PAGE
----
Interestingly enough, Judge’s performance level actually decreased at every minor-league level. Judge hit .333 in A-Ball, .284 in Advanced A-Ball, .283 in Double-A, and .252 in Triple-A. Additionally, the most homeruns Judge ever hit in a minor-league season was 20 (in 2015) while hitting only .255 in the process.

 

Major Leagues

7) When Judge was promoted in 2016, he was completely overmatched

Judge got a taste of the Big Leagues last season where he hit .179 over 84 at-bats with 4 homeruns (1 homerun per every 21 at-bats) and 6 total extra base hits. Perhaps the most telling, he struck out in 45% of his at-bats (42 in 94 total plate appearances)

8) Judge’s swing progression hadn’t adjusted from college pros

Although Judge had made some mechanical tweaks during his first few years into the minors which carried him to the Big Leagues, the overriding issue of pitch recognition still plagued him. When you watch video (posted below) of Judge, you catch a glimpse of why his size makes hitting so tough – it’s hard to keep everything moving freely and easily while working in unison.

Last season (as seen in the photos below), Judge was much more upright, and while that helped him stay behind the ball better (thus allowing for a better hitting position), his eye-level was never consistent, making it also impossible to recognize breaking pitches, as evidenced by his .125 batting average against sliders in 2016. Judge still doesn’t hit sliders well (.203 average), but the difference is that he isn’t swinging at them with near the frequency, suggesting he’s recognizing them better and laying off them all-together.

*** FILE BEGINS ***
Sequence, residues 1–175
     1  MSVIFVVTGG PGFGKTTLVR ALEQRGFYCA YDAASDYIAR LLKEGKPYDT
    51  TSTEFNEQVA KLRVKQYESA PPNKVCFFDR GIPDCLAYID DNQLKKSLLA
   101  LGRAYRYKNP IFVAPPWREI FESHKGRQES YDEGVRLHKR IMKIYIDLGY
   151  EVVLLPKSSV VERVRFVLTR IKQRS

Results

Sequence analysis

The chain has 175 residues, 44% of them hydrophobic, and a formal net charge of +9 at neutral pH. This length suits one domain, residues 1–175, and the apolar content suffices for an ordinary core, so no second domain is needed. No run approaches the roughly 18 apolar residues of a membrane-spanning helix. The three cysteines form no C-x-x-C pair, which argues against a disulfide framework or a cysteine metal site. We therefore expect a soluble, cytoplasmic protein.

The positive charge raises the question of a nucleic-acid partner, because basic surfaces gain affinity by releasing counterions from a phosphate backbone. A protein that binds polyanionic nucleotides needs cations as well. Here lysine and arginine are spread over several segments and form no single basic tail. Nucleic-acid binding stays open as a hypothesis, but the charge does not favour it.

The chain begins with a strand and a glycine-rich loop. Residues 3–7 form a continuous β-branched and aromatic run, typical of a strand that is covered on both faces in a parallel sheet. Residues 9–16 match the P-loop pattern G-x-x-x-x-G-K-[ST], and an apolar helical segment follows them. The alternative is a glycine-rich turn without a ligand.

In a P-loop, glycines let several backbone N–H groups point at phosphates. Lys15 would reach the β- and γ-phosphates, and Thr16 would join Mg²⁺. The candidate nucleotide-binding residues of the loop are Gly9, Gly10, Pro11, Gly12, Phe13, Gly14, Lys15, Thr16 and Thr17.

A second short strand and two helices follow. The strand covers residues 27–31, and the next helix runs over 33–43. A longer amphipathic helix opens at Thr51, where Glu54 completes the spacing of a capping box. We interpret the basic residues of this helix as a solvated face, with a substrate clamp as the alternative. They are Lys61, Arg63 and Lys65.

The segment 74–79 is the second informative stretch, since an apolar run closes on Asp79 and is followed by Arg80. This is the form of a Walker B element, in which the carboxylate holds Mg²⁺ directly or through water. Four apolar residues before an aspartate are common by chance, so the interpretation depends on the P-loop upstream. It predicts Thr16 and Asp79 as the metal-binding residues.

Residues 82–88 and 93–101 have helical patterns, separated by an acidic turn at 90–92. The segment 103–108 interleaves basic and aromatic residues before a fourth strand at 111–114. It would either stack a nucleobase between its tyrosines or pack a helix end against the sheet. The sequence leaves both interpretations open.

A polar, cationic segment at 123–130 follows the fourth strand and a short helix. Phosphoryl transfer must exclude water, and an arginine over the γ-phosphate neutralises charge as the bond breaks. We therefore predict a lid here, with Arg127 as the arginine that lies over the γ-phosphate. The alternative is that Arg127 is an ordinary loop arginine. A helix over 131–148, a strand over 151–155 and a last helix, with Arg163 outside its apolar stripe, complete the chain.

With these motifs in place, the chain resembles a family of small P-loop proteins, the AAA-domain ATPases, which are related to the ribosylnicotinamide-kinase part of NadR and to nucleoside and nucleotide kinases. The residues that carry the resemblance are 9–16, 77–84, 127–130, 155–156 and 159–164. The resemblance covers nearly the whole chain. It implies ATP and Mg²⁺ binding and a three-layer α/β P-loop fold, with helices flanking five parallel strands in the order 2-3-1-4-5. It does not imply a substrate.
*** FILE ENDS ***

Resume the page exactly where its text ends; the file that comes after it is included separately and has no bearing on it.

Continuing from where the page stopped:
9) Going into the final week of spring, Judge wasn’t even a lock to break camp with the Major-League team

All throughout spring training, Judge and Aaron Hicks were competing to break camp with the Major League team. On March 29th, just before the rosters were announced, it appeared as though Hicks would win the job and Judge would be sent back to AAA for a 3rd season. However, the next day, the Yankees and Joe Girardi chose Judge, suggesting that “getting sent down could be bad for a young player’s mind state. “

 

MLB Comparison – Nobody!!!

10) Limited track record for tall hitters, especially one’s of Judge’s size

Judge is most often compared to fellow slugger Giancarlo Stanton, but as massive as Stanton is, even he doesn’t match up to the likes of Judge. Stanton is 2 inches shorter than Judge, and a whopping 40 pounds lighter.

Jared Diamond of the Wall St. Journal said it best when he wrote…“Other than Judge, only 10 position players in major-league history have stood 6-foot-7 or taller, according to Stats LLC, and none have been taller than 6-foot-8. Six of the 10 lasted fewer than 200 big-league games. Only three managed to compile more than 307 career hits: former Yankees and Mets first baseman Tony Clark, two-time All-Star Richie Sexson, and Frank Howard…”